Fruit Trees Aren’t Doing Well

I remember Alan (HM) saying one time that the old garden web was the best place for the home fruit grower to get information on growing and taking care of fruit trees. I believe that to be very true as I’ve gotten most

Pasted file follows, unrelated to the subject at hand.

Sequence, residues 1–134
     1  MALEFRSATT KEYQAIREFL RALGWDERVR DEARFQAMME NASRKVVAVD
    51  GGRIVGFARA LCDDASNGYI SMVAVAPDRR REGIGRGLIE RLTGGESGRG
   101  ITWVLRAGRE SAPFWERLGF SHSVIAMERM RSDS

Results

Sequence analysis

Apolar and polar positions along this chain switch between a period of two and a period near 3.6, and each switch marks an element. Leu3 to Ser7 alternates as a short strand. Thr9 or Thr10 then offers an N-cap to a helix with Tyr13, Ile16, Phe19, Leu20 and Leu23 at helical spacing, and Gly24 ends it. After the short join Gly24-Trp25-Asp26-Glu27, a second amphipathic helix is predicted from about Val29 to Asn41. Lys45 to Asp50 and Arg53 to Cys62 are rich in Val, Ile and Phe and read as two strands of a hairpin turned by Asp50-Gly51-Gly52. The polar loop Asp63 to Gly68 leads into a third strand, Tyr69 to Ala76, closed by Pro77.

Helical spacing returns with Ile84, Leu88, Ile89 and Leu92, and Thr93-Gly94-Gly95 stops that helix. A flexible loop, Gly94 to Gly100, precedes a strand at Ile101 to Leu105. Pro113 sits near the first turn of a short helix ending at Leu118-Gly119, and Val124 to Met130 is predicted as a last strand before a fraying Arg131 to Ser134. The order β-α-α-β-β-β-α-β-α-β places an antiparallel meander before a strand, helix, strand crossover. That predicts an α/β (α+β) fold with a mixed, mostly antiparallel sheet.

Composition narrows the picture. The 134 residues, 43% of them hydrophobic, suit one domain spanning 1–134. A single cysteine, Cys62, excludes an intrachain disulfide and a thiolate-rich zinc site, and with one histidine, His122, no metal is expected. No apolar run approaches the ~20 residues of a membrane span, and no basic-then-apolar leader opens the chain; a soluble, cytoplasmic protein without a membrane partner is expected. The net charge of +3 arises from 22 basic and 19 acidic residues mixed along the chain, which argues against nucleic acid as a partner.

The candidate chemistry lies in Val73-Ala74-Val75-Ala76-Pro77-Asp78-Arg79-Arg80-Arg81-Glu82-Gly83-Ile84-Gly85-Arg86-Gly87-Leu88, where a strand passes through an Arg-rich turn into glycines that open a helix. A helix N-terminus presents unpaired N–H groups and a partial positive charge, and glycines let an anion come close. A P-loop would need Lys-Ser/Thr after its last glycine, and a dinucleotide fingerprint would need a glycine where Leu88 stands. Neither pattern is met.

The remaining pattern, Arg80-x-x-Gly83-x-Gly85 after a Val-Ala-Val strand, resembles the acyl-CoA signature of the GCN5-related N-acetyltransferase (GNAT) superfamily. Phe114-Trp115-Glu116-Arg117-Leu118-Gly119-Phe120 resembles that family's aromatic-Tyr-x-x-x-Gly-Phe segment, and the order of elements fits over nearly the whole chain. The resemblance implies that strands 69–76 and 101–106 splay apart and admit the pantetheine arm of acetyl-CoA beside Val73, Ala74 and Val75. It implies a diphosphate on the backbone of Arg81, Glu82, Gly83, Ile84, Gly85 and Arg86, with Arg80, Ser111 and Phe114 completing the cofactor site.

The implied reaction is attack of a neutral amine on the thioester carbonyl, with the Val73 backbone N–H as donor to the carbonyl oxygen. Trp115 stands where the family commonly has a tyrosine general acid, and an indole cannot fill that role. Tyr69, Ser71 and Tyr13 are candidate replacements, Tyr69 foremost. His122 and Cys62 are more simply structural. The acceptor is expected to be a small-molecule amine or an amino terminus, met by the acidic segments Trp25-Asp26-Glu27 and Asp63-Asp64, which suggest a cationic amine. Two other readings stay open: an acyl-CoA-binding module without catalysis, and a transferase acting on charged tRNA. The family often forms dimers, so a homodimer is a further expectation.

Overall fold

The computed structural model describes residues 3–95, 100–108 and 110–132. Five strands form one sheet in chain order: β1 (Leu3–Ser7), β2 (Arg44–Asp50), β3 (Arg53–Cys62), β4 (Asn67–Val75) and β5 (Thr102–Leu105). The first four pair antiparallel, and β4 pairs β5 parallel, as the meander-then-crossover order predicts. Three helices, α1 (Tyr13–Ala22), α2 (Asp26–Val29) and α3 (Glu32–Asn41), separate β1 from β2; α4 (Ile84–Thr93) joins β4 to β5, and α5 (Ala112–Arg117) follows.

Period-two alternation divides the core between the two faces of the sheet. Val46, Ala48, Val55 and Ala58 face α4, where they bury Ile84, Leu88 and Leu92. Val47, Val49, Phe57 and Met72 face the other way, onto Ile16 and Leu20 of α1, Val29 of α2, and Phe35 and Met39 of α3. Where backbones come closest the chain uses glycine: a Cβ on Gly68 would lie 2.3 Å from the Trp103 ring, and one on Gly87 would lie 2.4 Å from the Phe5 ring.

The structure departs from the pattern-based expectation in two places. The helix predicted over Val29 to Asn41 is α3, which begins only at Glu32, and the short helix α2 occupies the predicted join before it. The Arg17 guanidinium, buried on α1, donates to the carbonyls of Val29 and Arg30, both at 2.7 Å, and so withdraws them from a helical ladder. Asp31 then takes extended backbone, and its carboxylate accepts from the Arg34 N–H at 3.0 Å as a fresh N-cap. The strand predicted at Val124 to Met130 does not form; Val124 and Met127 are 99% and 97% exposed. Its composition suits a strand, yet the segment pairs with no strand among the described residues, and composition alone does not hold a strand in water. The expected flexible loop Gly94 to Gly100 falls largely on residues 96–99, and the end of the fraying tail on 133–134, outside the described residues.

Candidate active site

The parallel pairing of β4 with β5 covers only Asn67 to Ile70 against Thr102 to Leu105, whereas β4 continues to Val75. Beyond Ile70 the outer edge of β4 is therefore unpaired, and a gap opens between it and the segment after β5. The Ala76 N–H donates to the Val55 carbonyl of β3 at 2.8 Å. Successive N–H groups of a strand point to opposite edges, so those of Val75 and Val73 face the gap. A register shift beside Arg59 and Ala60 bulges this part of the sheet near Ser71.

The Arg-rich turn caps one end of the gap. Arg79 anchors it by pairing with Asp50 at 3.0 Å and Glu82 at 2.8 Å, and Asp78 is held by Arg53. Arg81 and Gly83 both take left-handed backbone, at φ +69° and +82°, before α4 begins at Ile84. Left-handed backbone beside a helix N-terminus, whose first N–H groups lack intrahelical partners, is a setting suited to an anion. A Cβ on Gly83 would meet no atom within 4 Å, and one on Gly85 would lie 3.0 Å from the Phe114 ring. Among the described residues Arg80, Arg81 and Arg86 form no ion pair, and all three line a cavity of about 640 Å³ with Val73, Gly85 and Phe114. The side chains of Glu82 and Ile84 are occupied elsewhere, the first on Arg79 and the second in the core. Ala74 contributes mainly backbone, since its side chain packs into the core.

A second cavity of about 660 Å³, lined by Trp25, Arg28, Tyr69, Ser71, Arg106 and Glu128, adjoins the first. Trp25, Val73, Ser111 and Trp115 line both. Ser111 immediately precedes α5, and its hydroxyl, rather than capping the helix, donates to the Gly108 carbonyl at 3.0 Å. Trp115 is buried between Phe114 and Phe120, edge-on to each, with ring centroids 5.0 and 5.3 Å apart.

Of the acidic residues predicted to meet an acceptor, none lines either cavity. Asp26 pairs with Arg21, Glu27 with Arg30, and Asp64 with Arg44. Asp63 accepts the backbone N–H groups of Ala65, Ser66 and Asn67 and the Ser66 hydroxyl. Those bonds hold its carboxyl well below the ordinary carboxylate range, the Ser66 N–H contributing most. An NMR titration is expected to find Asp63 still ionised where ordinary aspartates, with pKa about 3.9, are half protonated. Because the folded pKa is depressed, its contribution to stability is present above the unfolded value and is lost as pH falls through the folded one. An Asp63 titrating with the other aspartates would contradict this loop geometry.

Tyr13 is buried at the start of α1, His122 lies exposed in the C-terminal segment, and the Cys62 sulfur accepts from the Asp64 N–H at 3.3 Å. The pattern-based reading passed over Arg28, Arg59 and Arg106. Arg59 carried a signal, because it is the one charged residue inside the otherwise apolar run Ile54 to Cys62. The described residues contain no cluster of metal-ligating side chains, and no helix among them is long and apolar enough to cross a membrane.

of what I know about growing fruit from reading what you guys have written. Hope you have some answers to my problem. My growing fruit has been severely hampered this year because a lot of my trees are dead or close to it. I live northern front range Colorado where it is common to have warm springs to get everything blooming and then comes a hard freeze to kill off the flowers or buds. If we get a good crop of peaches and or apricots every 5 years or so I’m a happy camper. We had a mild winter, only one short really cold spell and no late spring frosts. I was sure this was going to be one of those bumper years for peaches and apricots that is until I started to do some apple grafts in May. Snipping branches to graft I was finding a lot more brown than green and things just didn’t look good. The cambium may not be the green but I’m thinking the green stuff is pretty important. I started looking around and found I had 15 plus trees and 100 plus dead scions. Not good. Remembering back to late summer/early fall it had been really warm and we had a hard frost that killed all of the leaves and my only thought was man the trees really looked weird with all of those dead leaves. I should have put a little effort into thinking what had happened and maybe I could done some things to reduce the damage. This seemed to affect the apple and peach trees the most, pears and plums the least, cherries and apricots in between and 6 of 8 trees planted last year are dead. Apparently you can lose a lot more than some fruit with an early fall frost. My question is there things I could have done to decrease damage either before or after this happened? I think I water adequately, mulch some, don’t fertilize, don’t prune as much as I should. One of my old, about 30 years old, apple trees had a mild chlorosis and I’ve put down some sulfur around it but it didn’t seem to get any better or worse. For the last couple of years I’ve been meaning to get my soil analyzed but haven’t got around to doing it.